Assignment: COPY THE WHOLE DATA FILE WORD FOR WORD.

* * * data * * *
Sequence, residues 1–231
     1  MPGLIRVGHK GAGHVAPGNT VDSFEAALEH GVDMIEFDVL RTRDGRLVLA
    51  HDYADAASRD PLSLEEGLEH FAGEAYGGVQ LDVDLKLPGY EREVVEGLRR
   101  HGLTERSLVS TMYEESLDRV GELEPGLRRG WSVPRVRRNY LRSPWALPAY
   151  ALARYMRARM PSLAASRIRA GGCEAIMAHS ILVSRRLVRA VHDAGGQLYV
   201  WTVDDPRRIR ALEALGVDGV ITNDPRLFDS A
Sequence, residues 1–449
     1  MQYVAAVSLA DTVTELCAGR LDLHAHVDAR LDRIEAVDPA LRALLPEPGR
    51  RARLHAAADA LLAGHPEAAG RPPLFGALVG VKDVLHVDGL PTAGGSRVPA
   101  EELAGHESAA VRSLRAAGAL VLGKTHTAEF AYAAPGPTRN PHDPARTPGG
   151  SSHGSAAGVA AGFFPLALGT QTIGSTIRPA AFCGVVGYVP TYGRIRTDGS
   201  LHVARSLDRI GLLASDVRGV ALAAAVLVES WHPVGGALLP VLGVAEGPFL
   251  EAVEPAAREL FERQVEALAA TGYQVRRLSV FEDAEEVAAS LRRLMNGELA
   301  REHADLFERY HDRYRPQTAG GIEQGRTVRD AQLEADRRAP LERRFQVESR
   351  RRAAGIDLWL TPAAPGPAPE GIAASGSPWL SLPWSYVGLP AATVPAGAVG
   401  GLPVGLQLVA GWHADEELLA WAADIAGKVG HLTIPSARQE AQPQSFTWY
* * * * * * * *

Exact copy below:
Sequence, residues 1–231
     1  MPGLIRVGHK GAGHVAPGNT VDSFEAALEH GVDMIEFDVL RTRDGRLVLA
    51  HDYADAASRD PLSLEEGLEH FAGEAYGGVQ LDVDLKLPGY EREVVEGLRR
   101  HGLTERSLVS TMYEESLDRV GELEPGLRRG WSVPRVRRNY LRSPWALPAY
   151  ALARYMRARM PSLAASRIRA GGCEAIMAHS ILVSRRLVRA VHDAGGQLYV
   201  WTVDDPRRIR ALEALGVDGV ITNDPRLFDS A
Sequence, residues 1–449
     1  MQYVAAVSLA DTVTELCAGR LDLHAHVDAR LDRIEAVDPA LRALLPEPGR
    51  RARLHAAADA LLAGHPEAAG RPPLFGALVG VKDVLHVDGL PTAGGSRVPA
   101  EELAGHESAA VRSLRAAGAL VLGKTHTAEF AYAAPGPTRN PHDPARTPGG
   151  SSHGSAAGVA AGFFPLALGT QTIGSTIRPA AFCGVVGYVP TYGRIRTDGS
   201  LHVARSLDRI GLLASDVRGV ALAAAVLVES WHPVGGALLP VLGVAEGPFL
   251  EAVEPAAREL FERQVEALAA TGYQVRRLSV FEDAEEVAAS LRRLMNGELA
   301  REHADLFERY HDRYRPQTAG GIEQGRTVRD AQLEADRRAP LERRFQVESR
   351  RRAAGIDLWL TPAAPGPAPE GIAASGSPWL SLPWSYVGLP AATVPAGAVG
   401  GLPVGLQLVA GWHADEELLA WAADIAGKVG HLTIPSARQE AQPQSFTWY